Tidal Disruption Events

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Thin Tilted Accretion Disks

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Optical Tweezer Arrays

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Cosmic Ray Detecting CubeSat

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Extreme Redshift Galaxies

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Atomic Physics in Kilonovae Ejecta

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What is a Tidal Disruption Event?

When a star passes too close to a supermassive black hole (BH), the BH’s tidal forces pull the star apart into a stream of debris in a so-called tidal disruption event (TDE). Some of the stellar debris is gravitationally bound to the BH and accretes at rates far above the Eddington limit, resulting in a bright flare and the formation of a “debris disk” on a timescale of weeks to months. Although TDEs are relatively rare, with a rate of one per 1,000 to 10,000 years per galaxy, they have a broad astrophysical implications.

  1. Only ~30% of galaxies host active galactic nuclei (AGN). TDEs provide a rare glimpse of the central BHs of the quiescent majority of galaxies, allowing astronomers to better understand the fueling modes for supermassive BHs and their growth mechanisms and evolution.
  2. TDEs also offer a clean laboratory for studying accretion physics because the accretion rate is set by only a handful of orbital and stellar structure parameters. The accretion rate sweeps through multiple accretion regimes, from super- to sub-Eddington, on relatively short timescales.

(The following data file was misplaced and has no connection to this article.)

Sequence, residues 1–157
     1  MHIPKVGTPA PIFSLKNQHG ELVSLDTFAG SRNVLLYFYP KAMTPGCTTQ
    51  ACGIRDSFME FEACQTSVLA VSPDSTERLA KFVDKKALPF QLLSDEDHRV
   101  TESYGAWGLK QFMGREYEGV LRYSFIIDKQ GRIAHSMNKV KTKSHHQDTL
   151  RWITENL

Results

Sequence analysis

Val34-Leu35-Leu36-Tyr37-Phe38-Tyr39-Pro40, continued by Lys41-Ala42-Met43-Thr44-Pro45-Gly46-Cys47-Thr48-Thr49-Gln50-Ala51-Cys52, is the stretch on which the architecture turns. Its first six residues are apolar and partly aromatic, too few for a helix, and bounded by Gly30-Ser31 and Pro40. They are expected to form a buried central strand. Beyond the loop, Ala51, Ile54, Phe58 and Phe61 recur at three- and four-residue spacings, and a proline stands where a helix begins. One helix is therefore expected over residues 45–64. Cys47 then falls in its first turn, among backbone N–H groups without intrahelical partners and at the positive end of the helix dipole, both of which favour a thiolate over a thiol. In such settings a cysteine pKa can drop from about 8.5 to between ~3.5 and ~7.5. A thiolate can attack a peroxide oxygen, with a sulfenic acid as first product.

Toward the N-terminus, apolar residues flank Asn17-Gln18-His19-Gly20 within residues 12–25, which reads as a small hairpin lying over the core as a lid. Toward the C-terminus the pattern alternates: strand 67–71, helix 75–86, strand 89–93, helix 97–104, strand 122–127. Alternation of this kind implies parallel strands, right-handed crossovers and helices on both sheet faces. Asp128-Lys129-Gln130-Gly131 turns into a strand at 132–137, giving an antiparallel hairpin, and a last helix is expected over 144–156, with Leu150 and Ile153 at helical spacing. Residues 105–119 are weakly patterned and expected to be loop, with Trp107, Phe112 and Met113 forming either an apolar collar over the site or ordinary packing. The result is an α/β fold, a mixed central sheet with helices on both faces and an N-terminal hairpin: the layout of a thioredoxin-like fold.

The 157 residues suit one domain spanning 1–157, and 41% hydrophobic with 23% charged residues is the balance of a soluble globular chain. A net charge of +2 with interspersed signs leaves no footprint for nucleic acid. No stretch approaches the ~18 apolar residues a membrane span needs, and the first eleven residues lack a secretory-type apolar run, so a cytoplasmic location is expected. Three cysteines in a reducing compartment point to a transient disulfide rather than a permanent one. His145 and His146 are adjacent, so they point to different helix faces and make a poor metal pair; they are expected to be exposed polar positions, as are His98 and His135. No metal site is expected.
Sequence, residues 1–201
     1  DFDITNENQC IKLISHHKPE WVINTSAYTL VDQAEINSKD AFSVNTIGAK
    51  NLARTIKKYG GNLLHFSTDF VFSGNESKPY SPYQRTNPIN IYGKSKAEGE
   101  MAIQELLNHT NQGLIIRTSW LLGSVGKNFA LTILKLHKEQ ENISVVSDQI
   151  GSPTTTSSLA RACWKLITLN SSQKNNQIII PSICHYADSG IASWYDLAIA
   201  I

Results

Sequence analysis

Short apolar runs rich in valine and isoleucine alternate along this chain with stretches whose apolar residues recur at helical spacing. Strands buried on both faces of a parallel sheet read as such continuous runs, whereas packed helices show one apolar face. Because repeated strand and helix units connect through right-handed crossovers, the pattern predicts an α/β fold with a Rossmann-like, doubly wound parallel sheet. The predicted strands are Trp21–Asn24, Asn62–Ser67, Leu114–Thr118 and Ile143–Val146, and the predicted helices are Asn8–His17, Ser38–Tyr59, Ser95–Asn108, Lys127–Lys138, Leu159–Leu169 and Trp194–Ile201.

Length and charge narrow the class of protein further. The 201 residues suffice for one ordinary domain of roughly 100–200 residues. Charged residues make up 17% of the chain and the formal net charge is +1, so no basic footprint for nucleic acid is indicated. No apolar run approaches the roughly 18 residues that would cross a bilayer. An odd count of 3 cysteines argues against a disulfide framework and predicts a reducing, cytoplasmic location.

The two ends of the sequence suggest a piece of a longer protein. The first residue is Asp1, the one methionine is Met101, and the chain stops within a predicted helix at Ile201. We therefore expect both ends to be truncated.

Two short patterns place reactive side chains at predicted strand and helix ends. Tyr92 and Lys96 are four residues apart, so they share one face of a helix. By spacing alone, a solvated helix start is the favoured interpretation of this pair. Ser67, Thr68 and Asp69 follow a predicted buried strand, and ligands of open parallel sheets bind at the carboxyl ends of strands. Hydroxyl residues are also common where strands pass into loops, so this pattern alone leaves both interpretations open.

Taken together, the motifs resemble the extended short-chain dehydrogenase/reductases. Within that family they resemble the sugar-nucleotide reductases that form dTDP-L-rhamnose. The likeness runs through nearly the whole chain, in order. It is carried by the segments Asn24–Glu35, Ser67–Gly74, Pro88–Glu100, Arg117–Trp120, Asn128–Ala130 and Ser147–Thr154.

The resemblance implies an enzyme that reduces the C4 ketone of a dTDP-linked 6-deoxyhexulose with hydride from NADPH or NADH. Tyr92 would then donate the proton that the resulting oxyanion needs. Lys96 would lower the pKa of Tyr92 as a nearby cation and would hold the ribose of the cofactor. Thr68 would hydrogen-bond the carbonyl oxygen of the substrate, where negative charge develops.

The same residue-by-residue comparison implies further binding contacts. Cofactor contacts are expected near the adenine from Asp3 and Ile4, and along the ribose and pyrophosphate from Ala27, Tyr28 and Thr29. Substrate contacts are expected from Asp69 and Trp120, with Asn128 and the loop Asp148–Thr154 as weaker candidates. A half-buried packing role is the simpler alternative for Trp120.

3. The properties of TDE flares depend on the properties of the disrupted star. Therefore, TDEs probe the stellar populations and kinematics of the galactic centers where the majority of events are produced.

Energy Dissipation in TDEs

Working with Prof. Sasha Tchekhovskoy, Prof. Eric Coughlin, and Prof. Nicholas Stone, I use the smooth particle hydrodynamics (SPH) code PHANTOM and the general relativistic hydrodynamics (GRHD) code H-AMR, developed by Matthew Liska, to simulate deeply-penetrating tidal disruption events and the resulting debris disks. In my first published work, I analyze these simulations to understand the physical processes that drive the circularization of the stellar debris. I find that circularization of the most bound debris is dominated by periodic self-intersections caused by general relativistic precession and that circularization at later times is dominated by hydrodynamic instabilities at the debris-disk interface.

from Andalman+2022

Current and Future Work

I am currently working on new TDE simulations which incorporate magnetic fields to investigate the role of the magnetorotational instability (MRI) in driving circularization. These simulations will also test the fossil disk hypothesis, which states that TDEs pick up the requisite magnetic flux to power a jet from a pre-existing accretion disk. The new simulations will cover longer timescales than previous simulations, allowing me to probe the physics of the debris disk near the time of peak fallback. I am also working on applying analytical models to my simulation data to understand how information about the debris disk geometry and viewing angle is encoded in TDE spectra.


  • Andalman, Z. L.; Liska, M. T. P.; Tchekhovskoy, A.; Coughlin, E. R.; Stone, N. Tidal Disruption Discs Formed and Fed by Stream-stream and Stream-disc Interactions in Global GRHD Simulations, 2022, Monthly Notices of the Royal Astronomical Society, Volume 510, Issue 2, pp. 1627-1648, arXiv:2008.04922